One of the themes common to major media brands is their new-found enthusiasm to branch out onto other platforms, by creating new content or repurposing existing programming. Audio has become one of the most popular sectors, especially podcasts. Most TV networks, news organizations, and celebrities themselves have tried their hand at producing and creating podcasts, leveraging their best-known talent.
As we discussed before on this blog, the irony is that the original audio medium – radio –- has generally struggled with podcasts. It's been an ongoing conversation at our panels, sessions, and keynotes at Podcast Movement and other media gatherings.
The exception, of course, is public radio. NPR has generally led the way, but other network and entities have experienced massive success in this space, too. PRX, APM, WNYC, and other organizations have produced award-winning podcasts. And at the local level, many public radio stations have produced impressive shows and series, often revolving around important issues. To this day, many of the most successful podcasts have a public radio imprint on them.
In the bigger picture of overall listenership, most pubic radio stations have enjoyed a nice run over the last few years. The much talked-about “Trump Bump” featured an extended period where the news cycle was like a fire hydrant, spewing out one “breaking news” headline after another. But many media outlets have struggled with how to retain some semblance of objectivity in the Fake News Era. Many have failed, losing important credibility turf along the way.
But one outlet that has generally walked that precarious fine line has been NPR specifically, and public radio in general.
Much of that may be due to the foundation the platform first laid back in the 1970s. At one point, the Public Radio Program Directors association laminated wallet-sized cards for each reference.
Public radio has been guided for decades by this set of immutable core values that to this day, every producer, reporter, and anchor can recite.
These guideposts have helped build brand trust – a rarity in the media business. While commercial radio offers up its All News and News/Talk formats, especially in the biggest markets, public radio stations are heads and shoulders above them. There are exceptions – WTOP is probably the best in breed, but an outlier to be sure.
While stations like WCBS-AM, KNX, and WBBM provide their services by their famous news clocks, they are largely utilities. In those same markets, WNYC, KPCC, and WBEZ provide perspective and substance – attributes seldom heard on the radio airwaves.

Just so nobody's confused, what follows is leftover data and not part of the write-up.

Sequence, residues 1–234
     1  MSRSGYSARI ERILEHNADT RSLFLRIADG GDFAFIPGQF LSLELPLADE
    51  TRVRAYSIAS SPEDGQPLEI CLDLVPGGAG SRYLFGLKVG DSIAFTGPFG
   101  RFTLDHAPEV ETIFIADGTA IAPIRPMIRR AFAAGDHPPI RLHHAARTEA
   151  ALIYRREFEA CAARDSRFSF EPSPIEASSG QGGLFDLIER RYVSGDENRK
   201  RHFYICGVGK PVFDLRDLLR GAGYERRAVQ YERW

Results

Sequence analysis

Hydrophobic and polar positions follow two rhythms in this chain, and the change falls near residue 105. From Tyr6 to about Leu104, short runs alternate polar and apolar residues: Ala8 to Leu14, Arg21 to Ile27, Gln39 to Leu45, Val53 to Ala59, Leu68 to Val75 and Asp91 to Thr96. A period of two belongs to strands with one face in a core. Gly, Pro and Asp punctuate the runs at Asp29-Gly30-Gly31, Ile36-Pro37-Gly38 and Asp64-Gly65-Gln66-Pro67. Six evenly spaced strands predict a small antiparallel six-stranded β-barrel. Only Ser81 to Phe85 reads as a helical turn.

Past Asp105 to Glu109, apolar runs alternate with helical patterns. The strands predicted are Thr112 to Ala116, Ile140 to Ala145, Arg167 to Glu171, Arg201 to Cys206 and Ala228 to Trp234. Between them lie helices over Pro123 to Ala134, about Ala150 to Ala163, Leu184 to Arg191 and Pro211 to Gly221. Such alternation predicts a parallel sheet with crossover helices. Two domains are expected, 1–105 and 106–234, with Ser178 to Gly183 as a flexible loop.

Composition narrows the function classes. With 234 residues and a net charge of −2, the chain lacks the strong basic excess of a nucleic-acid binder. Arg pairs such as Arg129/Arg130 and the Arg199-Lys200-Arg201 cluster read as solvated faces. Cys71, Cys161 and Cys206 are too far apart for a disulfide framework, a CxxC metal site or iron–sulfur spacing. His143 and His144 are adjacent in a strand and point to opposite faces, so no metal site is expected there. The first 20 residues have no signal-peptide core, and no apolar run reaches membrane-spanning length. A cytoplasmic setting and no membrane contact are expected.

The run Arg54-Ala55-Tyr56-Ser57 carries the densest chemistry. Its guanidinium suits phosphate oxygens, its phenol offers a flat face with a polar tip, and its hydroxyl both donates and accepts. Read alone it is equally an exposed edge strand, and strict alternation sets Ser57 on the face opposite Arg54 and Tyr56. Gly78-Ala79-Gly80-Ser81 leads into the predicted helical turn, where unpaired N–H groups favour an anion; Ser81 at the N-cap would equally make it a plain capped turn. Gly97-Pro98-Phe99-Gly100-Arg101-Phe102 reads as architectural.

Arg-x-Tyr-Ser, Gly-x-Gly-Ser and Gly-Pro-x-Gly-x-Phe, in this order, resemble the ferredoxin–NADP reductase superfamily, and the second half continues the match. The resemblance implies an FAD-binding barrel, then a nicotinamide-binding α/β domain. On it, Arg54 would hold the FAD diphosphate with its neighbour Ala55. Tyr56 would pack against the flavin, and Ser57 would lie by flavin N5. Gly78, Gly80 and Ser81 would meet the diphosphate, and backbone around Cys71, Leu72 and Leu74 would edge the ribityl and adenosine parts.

So, do public radio's NPR News stations truly face any serious challenge from other radio competitors? Not really.
Instead, the pressure is now coming from another worthy player outside the radio universe:
The New York Times
Newspapers may be hurting, but The Times is the exception. They committed to digital long before it became de rigueur in the newspaper business. Not every decision by their brain trust has paid off, but in the main, they have transformed themselves into a digital dynamo, earning boxcars of cash on their non-print business.
The chart below from their own earnings reports (covered by Nieman Lab) shows you all you need to know about what changing your business model looks like. The grey bars are print – the blue bar, digital subscriptions. You can see it for yourself:
Note the “Digital-only other” – the darker blue bars. The Times has created immensely popular “side hustles,” leveraging their brand and their readership's interest in both cooking (yes, they've been publishing recipes longer than any of us have been alive), as well as puzzles and games, mobile activities that help us kill time while keeping our brains engaged. This category nearly doubled print subscriptions.
In case you're wondering, more than 88% of The Times' subscription revenue is now virtual (as of Q3 2020).
In a word, “Wow.”
But it's The Times' growing commitment to audio that should keep the public radio brass awake during these increasingly chillier nights. In just the past few years, The Times has gone all in, investing heavily in audio assets – programs, content, and people – especially in the popular and highly profitable podcasting arena.
Their weekday morning news podcast, The Daily, has enjoyed huge success. In our recently released Public Radio Techsurvey, we learned that more than four in ten public radio fans regularly listen to one of these podcast productions weekly or more often.